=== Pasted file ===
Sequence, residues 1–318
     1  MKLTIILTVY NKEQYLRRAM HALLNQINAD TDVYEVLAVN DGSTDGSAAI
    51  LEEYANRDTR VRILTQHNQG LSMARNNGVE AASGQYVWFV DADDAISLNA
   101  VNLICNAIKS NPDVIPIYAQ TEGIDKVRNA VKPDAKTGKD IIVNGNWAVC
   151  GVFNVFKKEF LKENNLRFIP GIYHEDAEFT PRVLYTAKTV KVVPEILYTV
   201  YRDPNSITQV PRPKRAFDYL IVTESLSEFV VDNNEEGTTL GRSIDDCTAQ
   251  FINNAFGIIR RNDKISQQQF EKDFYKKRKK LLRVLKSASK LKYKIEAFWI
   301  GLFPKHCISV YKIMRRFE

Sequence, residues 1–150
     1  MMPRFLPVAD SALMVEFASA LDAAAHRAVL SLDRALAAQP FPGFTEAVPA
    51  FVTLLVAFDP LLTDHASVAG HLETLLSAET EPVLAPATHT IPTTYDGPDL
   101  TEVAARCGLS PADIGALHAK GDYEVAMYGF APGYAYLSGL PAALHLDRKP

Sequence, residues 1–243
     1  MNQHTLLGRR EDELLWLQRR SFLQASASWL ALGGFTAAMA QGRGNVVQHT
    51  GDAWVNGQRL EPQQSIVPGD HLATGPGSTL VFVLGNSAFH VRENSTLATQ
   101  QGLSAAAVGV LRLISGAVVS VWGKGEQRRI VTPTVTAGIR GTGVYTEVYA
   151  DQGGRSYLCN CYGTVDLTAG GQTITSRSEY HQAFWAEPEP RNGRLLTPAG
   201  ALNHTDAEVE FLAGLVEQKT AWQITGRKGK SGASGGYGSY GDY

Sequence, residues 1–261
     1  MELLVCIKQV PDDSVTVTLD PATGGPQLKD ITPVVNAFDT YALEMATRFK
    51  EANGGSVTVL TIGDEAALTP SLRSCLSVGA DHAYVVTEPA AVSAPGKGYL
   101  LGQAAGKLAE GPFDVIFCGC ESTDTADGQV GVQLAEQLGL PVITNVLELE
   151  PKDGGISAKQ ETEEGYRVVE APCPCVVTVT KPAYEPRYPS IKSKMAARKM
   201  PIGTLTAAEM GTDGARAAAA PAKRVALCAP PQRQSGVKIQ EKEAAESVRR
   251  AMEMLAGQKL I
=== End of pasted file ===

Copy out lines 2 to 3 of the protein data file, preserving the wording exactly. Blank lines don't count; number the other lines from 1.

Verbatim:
     1  MKLTIILTVY NKEQYLRRAM HALLNQINAD TDVYEVLAVN DGSTDGSAAI
    51  LEEYANRDTR VRILTQHNQG LSMARNNGVE AASGQYVWFV DADDAISLNA